Grace Wright, Instructor
As a child, Grace Wright was awarded a “Use Your Life Award” for her work to provide opportunities to those in need and to help people whose voices had been muted. Since then, Wright has been involved with numerous organizations like Free the Children and Whole Planet Foundation.
Based upon her interests, her entrepreneurial spirit, and her passion to impact the planet, Colorado State University’s Global Social and Sustainable Enterprise (GSSE) MBA seemed a perfect fit for Wright to continue with her goals and to learn about practical realities of entrepreneurship and management.
After graduating from the GSSE MBA program in 2013, Wright and two of her classmates founded a nonprofit called Ascent, which provides low-cost iron pill packets to pregnant women to help reduce maternal deaths from iron deficiency. This effort could increase the medication’s consumption by 80 percent and address pitfalls of current products on the market.
More than three years later, she is teaching Social and Sustainable Venturing and Introduction to Entrepreneurship as an instructor in the Department of Management, as well as mentoring students in the GSSE program from which she graduated. “We have an incredible faculty network that helps students grow into global change makers.” She believes the business school has the tools to look at strategy, scale, and financial sustainability and bring all this knowledge into the realm of social change.
Graduating students leaving the University are more socially conscious and increasing numbers of them want to make an impact on the world and while also making a profit. Many don’t know where to find these opportunities though. Wright comments, “When I see my students come out of the program with a strong business idea, or they are working as agents of change in their industry and using their skills to impact the world, that makes me proud.” She encourages her students to use their talents to make a difference and she has been pleased to observe her students finding ways to do so.
Yolanda Sarason, Associate Professor
Within the Department of Management, Associate Professor Yolanda Sarason teaches Entrepreneurship and Strategic Management. She has always been drawn to these studies and has experience working for various startup ventures. Sarason recognizes the growing focus of companies being social and sustainable.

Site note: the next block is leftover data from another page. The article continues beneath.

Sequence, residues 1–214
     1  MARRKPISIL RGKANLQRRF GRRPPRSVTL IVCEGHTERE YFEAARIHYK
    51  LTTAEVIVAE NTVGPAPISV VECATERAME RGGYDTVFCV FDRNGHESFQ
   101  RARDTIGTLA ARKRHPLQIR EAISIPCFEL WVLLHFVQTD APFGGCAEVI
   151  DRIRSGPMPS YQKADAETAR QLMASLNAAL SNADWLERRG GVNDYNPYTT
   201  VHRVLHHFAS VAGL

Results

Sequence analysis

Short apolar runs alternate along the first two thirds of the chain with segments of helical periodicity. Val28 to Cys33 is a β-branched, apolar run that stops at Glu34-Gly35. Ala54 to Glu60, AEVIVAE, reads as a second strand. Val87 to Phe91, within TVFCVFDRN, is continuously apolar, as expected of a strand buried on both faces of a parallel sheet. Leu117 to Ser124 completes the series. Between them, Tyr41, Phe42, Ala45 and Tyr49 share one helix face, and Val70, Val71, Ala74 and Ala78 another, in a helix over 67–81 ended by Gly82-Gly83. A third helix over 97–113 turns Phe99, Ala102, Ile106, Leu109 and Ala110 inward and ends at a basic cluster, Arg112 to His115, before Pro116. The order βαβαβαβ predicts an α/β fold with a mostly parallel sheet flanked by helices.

Because her colleagues have also shown an interest in this topic, she has chosen to focus her research on socially sustainable ventures such as Odwalla and Ben and Jerry’s. She is currently working on research and teaching cases that focus on companies with a social mission.
Recently, Sarason returned from a Fulbright in Vietnam for the 2015-2016 academic year. The University has a joint program with Foreign Trade University, the top university in Hanoi. Various CSU faculty have traveled there to teach and Sarason jumped at the opportunity to teach a four-week intensive entrepreneurship course.
During her time in Vietnam, she recognized there were different ways of viewing social ventures – the European-Vietnamese way and the American way. In Vietnam, the culture focuses on collective good and the social aspects are inherent in the foundation of the company. In the United States however, businesses are created and then implement the “do good” mindset to accommodate government rules and regulations.
No stranger to teaching globally, Sarason once taught in South America in Quito, Ecuador for an MBA program. Since then, she has been hooked on teaching in different countries and delving into the different mindsets of various cultures.
Since returning to CSU, Sarason has an even more impassioned global mindset. She has adapted her teaching focus to broadening the perspectives of students. She finds teaching at Colorado State refreshing since “we are uniquely positioned here in Fort Collins by being competent in sustainability.” In Vietnam and various developing countries, it is difficult to earn a profit so the focus is more on economic development rather than on sustainability, due to the lack of resources.
At CSU, faculty are continually trying to broaden the students’ perspectives to ensure they enter the business environment as culturally competent individuals and more capable to impact the world.